On August 21, 2015, Illinois Governor Bruce Rauner vetoed legislation that would have modified the state’s data breach notification law. Illinois’ Personal Information Protection Act (the “Act”) was enacted in 2005 to protect consumers from the consequences of a data breach. The legislation, Senate Bill 1833, proposed to amend the Act by expanding the scope of protected information to encompass medical, health insurance, biometric, consumer marketing and geolocation information. The measure also would have required that notification of a covered breach be provided to the state Attorney General within 30 business days, and that affected entities post their privacy policies online.
In his veto message to the General Assembly, Governor Rauner expressed concern that the bill as currently written went too far and imposed “duplicative and burdensome requirements that are out-of-step with other states.” He further contended that the bill’s requirements would hinder the state’s economic competitiveness. Governor Rauner, a Republican who is serving his first term, also lamented “over-regulation” in the state, indicating that Illinois already suffers from a “hostile economic environment” that impedes efforts to “grow [Illinois’] economy, create new jobs, and generate more tax revenue through economic expansion.”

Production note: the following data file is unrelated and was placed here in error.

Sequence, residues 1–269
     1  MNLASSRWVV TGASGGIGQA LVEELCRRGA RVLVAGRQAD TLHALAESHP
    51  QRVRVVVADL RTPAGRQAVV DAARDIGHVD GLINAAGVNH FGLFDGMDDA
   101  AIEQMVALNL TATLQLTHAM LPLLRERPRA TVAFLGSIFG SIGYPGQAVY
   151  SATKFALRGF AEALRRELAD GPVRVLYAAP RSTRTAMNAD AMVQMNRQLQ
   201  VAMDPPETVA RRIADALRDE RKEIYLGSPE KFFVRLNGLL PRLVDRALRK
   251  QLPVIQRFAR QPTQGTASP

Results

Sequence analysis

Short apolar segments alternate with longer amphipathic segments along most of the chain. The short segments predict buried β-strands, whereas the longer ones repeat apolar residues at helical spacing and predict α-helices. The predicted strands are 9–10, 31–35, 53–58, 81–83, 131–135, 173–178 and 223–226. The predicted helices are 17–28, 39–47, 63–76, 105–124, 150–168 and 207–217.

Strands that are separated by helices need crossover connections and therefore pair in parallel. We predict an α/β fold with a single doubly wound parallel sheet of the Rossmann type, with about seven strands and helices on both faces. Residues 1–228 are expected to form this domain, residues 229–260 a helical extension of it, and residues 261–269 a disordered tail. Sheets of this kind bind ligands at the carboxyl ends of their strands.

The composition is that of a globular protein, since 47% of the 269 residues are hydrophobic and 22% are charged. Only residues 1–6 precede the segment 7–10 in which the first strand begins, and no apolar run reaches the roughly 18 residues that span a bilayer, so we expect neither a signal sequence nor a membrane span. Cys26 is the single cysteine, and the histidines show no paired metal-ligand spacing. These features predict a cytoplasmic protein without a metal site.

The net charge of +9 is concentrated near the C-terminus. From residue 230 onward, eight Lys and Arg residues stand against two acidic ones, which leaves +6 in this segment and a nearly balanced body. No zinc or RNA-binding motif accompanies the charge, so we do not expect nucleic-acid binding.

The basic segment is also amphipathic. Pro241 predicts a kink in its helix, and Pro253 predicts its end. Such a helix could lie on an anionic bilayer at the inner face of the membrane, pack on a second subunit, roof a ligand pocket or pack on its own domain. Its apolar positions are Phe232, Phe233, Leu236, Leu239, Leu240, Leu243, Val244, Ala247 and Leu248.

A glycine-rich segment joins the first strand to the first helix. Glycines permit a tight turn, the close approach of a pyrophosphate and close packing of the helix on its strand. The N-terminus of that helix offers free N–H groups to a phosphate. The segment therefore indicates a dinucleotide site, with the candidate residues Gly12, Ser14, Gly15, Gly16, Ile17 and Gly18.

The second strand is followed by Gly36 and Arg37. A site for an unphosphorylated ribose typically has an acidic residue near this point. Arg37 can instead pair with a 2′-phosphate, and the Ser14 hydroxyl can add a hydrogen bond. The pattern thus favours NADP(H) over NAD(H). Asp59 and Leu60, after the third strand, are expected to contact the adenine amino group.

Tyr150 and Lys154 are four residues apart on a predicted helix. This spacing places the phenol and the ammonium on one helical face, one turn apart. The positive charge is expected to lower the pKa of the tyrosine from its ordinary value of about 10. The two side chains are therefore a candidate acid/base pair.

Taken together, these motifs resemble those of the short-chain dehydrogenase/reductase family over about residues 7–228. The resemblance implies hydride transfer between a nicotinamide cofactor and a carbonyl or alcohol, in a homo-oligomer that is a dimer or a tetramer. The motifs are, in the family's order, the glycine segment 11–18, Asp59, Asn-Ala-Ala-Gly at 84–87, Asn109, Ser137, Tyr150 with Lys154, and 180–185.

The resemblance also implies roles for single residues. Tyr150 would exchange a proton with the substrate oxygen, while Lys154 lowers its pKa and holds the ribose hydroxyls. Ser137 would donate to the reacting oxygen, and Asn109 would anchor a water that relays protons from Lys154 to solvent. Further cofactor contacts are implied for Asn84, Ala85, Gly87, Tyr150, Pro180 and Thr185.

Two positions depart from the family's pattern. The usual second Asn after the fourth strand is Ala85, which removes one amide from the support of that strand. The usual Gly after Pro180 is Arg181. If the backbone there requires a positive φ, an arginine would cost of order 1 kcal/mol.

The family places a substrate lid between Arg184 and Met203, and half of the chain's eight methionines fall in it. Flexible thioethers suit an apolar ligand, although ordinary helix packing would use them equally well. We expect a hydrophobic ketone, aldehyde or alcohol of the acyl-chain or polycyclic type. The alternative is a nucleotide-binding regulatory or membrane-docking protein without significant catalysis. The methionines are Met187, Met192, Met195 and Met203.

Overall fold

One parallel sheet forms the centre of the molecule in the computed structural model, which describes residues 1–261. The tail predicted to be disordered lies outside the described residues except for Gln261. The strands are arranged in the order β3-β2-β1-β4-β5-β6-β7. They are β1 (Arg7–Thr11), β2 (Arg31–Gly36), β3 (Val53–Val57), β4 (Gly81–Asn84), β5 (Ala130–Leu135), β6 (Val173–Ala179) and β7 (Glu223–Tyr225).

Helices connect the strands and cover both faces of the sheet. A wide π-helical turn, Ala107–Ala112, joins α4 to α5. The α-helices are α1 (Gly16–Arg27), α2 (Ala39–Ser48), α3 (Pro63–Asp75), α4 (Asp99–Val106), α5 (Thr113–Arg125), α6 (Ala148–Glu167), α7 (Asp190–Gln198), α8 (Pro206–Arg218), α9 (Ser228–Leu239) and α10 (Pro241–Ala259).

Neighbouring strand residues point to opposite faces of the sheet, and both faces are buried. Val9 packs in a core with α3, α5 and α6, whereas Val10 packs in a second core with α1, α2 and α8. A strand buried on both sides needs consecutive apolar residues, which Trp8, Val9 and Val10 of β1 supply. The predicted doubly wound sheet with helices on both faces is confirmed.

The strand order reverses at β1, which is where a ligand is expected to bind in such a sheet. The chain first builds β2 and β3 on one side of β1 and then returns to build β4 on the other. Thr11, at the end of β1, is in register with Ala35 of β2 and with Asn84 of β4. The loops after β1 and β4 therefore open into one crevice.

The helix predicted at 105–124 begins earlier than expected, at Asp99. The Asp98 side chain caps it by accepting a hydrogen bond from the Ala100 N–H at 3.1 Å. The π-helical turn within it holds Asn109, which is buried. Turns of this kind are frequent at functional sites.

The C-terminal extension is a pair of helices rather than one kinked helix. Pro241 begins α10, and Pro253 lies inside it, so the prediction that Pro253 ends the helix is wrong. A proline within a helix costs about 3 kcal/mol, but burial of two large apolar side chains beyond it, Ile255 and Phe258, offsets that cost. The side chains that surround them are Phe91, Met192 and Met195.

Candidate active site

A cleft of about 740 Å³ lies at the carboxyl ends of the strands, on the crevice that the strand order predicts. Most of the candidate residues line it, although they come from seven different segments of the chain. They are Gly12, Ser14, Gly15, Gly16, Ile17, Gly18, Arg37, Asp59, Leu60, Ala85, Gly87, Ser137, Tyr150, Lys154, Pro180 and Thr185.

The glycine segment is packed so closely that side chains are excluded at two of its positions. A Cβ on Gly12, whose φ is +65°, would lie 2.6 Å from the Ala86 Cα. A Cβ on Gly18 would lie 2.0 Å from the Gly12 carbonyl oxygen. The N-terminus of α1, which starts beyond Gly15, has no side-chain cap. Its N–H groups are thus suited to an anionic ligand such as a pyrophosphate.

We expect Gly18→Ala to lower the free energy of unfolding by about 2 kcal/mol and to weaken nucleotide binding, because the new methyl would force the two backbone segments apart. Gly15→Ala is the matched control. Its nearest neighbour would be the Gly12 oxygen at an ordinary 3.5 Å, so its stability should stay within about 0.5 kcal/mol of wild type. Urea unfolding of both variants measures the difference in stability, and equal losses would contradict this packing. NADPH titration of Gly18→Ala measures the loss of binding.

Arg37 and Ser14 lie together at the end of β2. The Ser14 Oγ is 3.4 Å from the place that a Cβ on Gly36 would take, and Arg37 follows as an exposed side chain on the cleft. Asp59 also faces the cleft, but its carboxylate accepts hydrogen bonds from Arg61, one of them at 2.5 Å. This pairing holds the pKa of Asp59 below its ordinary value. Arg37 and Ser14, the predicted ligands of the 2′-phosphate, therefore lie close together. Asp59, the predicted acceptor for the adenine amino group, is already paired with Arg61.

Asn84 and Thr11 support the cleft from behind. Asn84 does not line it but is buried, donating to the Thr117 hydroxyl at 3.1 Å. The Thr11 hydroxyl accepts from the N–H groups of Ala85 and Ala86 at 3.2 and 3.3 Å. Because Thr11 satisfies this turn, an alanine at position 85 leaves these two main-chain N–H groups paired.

The Governor proposed removing “consumer marketing information” and “geolocation information” from the types of protected personal information, contending that both represent significant departures from other states’ data protection laws. Along these lines, he also recommended changing the time period within which notice of security breaches must be made to the Attorney General from 30 business days to within 45 calendar days, and deleting language regarding the posting of privacy policies.
The Governor indicated that he would sign the legislation once his recommended changes have been adopted. The Illinois legislature is expected to return from summer recess on September 9 and, upon receiving the Governor’s veto message, will have 15 days to accept the recommended amendments, or override the veto. A 3/5 vote in both houses is required to override the veto.
The Illinois business community has engaged in significant lobbying on this legislation since its introduction in February of this year. While the Governor’s veto is seen as a victory for business, it remains unclear the next steps that the General Assembly will take, particularly with a battle looming in the fall between the Governor and the General Assembly over budget matters.
In related activity, the National Association of Attorneys General recently sent a letter to Congress criticizing pending federal legislation that would preempt the states’ role in data breach notification and data security matters.
Reporters, Claudia A. Hrvatin, Washington, DC, + 1 202 661 7950, email@example.com and Lauren M. Donoghue, Washington, DC, +1 202 626 8999, firstname.lastname@example.org.